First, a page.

The worm gear reductions are visible in this picture.

Mechanical Odometers

Mechanical odometers are turned by a flexible cable made from a tightly wound spring. The cable usually spins inside a protective metal tube with a rubber housing. On a bicycle, a little wheel rolling against the bike wheel turns the cable, and the gear ratio on the odometer has to be calibrated to the size of this small wheel. On a car, a gear engages the output shaft of the transmission, turning the cable.

The cable snakes its way up to the instrument panel, where it is connected to the input shaft of the odometer.

The Gearing

This odometer uses a series of three worm gears to achieve its 1690:1 gear reduction. The input shaft drives the first worm, which drives a gear. Each full revolution of the worm only turns the gear one tooth. That gear turns another worm, which turns another gear, which turns the last worm and finally the last gear, which is hooked up to the tenth-of-a-mile indicator.

The output of the last worm gear drives a shaft that turns the tenth-of-a-mile indicator.

Each dial is then turned by pegs on the previous dial through a small helper gear (white).

Each indicator has a row of pegs sticking out of one side, and a single set of two pegs on the other side. When the set of two pegs comes around to the white plastic gears, one of the teeth falls in between the pegs and turns with the indicator until the pegs pass. This gear also engages one of the pegs on the next bigger indicator, turning it a tenth of a revolution.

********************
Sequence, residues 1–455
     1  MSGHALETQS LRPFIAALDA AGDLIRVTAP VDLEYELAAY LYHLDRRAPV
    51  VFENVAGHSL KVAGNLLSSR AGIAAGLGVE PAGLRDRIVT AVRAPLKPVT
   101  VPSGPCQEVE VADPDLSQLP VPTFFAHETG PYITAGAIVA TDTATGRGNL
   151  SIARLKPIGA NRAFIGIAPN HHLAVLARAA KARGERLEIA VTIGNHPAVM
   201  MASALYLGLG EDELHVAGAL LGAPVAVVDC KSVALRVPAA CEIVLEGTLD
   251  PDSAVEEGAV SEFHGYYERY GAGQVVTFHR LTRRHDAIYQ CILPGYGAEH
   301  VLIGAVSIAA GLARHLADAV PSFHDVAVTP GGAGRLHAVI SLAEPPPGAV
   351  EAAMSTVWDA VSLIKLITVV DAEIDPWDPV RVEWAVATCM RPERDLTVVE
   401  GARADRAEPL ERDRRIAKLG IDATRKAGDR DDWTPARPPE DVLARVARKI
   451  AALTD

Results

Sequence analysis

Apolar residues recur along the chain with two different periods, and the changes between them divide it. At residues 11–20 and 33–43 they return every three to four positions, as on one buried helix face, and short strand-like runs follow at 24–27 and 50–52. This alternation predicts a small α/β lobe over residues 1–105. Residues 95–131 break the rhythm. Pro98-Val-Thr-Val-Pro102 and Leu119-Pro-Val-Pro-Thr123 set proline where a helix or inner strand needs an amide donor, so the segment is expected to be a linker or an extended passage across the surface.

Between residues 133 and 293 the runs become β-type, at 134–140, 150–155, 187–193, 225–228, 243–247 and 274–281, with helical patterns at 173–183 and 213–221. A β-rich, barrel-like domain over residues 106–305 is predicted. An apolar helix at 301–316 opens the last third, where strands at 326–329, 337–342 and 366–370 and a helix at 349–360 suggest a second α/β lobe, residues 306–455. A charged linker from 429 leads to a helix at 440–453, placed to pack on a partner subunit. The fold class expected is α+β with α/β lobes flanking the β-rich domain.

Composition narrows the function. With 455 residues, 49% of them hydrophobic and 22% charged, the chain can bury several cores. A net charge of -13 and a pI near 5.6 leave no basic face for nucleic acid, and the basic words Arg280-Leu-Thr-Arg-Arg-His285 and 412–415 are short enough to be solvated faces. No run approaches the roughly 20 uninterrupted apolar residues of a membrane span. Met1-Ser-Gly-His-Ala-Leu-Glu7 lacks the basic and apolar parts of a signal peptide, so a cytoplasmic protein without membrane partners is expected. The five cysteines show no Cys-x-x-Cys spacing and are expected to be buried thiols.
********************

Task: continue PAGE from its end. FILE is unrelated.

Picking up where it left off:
On the white wheel between the "3" and the "4," there are two pegs. One time per revolution, one of the gear teeth on the white gear falls in between these two pegs, causing the black gear next to it to move one-tenth of a revolution.

You can now see why, when your odometer "rolls over" a large number of digits (say from 19,999 to 20,000 miles), the "2" at the far left side of the display may not line up perfectly with the rest of the digits. A tiny amount of gear lash in the white helper gears prevents perfect alignment of all the digits. Usually, the display will have to get to 21,000 miles before the digits line up well again.

You can also see that mechanical odometers like this one are rewindable. When you run the car in reverse, the odometer actually can go backwards -- it's just a gear train. In the movie "Ferris Bueller's Day Off," in the scene where they have the car up on blocks with the wheels spinning in reverse -- that should've worked! In real life, the odometer would've turned back. Another trick is to hook the odometer's cable up to a drill and run it backwards to rewind the miles.

While that does work on older mechanical odometers, it does not work on the new electronic ones, as we will see in the next section...